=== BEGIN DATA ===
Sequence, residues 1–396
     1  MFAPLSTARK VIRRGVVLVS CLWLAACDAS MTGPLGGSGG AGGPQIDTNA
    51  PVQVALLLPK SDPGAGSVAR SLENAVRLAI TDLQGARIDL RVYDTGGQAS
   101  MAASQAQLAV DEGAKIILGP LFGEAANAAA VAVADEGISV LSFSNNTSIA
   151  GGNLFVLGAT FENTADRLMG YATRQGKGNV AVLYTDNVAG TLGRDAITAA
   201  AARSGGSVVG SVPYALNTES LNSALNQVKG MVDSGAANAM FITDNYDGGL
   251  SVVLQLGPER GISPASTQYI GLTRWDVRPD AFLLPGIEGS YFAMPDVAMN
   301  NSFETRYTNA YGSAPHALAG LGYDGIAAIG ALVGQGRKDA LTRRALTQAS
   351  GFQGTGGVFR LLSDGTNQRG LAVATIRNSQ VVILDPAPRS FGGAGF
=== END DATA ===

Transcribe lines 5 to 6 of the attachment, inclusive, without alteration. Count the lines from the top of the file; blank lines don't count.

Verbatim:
   151  GGNLFVLGAT FENTADRLMG YATRQGKGNV AVLYTDNVAG TLGRDAITAA
   201  AARSGGSVVG SVPYALNTES LNSALNQVKG MVDSGAANAM FITDNYDGGL